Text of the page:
10. The last step: Now this might be optional depending on your router, however, to make the changes permanent, I had to re-log into the Prolink router and save the changes manually, otherwise it’d lose the changes next time you switch on.

So for that, again after successfully connecting to the router with encryption enabled, again type the below IP address to log-into the router.

Now with my Prolink H5001N2 router, as soon as I log in and accessed the “Wireless Security Setup” page, at the bottom it displayed a message as shown below, asking me to click on the “Save” button to apply the changes permanently. So go to that page and click on that “Save” button to finish things up!.


11. (Optional) However, if you don’t see that message, then you can make sure that everything is saved permanently by, after logging into the router, as shown below, click on the “Admin” -> “Save & Reboot”, then from the drop down menu make sure to select “Save Current Configuration”, and then click on the “Apply” button.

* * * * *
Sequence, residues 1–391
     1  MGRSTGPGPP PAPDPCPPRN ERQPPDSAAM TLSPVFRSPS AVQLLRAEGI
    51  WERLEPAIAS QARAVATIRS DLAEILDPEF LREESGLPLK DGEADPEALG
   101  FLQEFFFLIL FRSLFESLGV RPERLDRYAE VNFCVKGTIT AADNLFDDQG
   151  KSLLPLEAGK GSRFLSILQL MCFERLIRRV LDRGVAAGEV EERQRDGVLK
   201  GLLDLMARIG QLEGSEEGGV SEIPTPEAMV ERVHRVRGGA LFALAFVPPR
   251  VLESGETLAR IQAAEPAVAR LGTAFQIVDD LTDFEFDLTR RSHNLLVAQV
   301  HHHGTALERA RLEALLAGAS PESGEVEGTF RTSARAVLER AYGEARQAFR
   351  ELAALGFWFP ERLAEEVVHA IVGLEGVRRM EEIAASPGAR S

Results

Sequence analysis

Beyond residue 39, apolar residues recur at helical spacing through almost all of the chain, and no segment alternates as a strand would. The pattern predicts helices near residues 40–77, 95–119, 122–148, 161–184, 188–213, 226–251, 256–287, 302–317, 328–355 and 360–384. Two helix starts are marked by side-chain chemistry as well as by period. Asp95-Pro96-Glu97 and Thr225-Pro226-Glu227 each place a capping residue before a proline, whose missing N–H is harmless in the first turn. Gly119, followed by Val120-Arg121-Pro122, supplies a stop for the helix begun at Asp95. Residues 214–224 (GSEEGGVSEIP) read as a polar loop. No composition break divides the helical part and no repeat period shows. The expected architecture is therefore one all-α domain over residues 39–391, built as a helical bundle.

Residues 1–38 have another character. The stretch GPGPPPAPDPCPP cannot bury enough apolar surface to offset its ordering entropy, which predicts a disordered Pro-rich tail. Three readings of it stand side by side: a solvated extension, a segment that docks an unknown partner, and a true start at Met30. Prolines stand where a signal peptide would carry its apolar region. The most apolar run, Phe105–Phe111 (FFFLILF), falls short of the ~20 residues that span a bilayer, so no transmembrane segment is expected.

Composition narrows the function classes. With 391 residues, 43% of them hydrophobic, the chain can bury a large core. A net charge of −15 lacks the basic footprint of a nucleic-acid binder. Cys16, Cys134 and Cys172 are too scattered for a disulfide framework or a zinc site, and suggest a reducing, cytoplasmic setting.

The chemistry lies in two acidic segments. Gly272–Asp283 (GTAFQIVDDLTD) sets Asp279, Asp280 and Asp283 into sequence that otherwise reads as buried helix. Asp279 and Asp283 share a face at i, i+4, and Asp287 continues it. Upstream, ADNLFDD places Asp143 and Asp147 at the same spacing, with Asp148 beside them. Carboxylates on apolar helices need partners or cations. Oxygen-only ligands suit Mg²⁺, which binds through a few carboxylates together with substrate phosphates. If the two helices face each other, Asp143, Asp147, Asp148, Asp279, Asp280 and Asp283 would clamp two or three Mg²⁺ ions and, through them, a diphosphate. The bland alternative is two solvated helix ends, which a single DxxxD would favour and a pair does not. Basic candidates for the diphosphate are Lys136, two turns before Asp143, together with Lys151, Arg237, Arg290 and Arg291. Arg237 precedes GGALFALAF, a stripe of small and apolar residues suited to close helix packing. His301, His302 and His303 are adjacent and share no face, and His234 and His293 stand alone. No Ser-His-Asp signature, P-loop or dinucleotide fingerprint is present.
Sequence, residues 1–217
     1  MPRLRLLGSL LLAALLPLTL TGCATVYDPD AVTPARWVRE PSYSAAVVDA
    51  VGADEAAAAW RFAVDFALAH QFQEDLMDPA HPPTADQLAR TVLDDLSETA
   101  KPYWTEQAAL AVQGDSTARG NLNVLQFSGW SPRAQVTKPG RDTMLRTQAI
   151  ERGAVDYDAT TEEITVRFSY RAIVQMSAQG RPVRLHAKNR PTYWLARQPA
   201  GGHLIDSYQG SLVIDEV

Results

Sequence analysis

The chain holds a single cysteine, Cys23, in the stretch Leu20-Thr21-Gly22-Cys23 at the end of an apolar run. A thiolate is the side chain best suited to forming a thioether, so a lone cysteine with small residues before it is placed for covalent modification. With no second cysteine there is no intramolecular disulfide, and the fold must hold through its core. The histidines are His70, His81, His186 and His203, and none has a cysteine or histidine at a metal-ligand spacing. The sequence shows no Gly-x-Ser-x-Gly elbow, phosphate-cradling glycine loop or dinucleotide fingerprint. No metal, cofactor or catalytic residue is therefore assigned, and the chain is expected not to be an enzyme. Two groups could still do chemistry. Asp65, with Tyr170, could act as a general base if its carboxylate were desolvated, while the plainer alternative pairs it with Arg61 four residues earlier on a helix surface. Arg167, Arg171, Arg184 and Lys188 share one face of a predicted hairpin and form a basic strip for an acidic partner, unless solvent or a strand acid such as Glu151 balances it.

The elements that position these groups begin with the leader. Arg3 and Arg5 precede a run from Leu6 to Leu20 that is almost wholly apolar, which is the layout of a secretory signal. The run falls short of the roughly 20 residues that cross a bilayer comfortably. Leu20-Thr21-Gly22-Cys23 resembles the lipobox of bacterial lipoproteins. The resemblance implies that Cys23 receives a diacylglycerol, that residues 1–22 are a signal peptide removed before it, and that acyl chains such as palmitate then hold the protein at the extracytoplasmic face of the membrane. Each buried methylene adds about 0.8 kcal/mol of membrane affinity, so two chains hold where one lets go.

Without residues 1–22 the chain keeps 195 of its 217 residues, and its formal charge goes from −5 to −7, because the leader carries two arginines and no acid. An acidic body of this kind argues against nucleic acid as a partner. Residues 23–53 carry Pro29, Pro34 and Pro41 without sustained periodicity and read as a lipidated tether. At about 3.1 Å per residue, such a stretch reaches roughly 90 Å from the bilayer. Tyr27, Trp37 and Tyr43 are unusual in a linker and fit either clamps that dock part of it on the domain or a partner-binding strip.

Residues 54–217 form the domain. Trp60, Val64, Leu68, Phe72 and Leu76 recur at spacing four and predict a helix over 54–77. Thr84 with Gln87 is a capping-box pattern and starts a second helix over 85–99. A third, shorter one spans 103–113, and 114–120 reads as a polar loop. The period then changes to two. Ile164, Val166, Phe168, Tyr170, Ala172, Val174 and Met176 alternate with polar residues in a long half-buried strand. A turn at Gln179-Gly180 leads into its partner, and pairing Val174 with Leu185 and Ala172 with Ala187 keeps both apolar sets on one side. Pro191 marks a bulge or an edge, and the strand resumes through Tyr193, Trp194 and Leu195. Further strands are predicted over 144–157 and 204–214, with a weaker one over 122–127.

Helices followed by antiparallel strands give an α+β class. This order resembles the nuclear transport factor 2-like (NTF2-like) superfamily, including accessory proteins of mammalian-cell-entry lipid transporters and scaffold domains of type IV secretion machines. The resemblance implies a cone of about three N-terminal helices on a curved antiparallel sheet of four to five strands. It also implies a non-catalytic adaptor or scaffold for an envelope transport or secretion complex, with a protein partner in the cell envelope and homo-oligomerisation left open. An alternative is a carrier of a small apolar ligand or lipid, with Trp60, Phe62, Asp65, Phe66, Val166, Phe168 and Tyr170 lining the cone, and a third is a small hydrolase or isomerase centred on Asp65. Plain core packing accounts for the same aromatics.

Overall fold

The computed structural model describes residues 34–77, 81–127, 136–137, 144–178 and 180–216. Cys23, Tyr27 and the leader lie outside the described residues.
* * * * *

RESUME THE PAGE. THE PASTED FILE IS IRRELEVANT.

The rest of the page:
manually-saving-the-changes-optional That’s it!.

Few things that you can do to enhance the wireless network security…

*. Remember, no encryption method can really save you from hackers or other types of security vulnerabilities but as a general practice, you should change the “Pre-Shared Key” once in a while to allow maximum protection.

*. Change that “admin” account:

Almost all routers come with a default administrative user account called “admin” and the password is “password”. So make sure you’ve manually changed that administrator’s password.

*. Backup your router data to disk:

This way, say that you had to reset your router (more below) then you don’t have to make all the changes one by one manually afterward. Just locate the backup and off you go!.

*. If shi* happens, then press the “reset” button:

If anything bad happens, say you forgot your key or admin password (yikes!) … then you can always reset your router to factory settings by simply pressing the “reset” button which is usually located at the back (have a look at the manual for more).

Well that’s pretty much it. Good luck.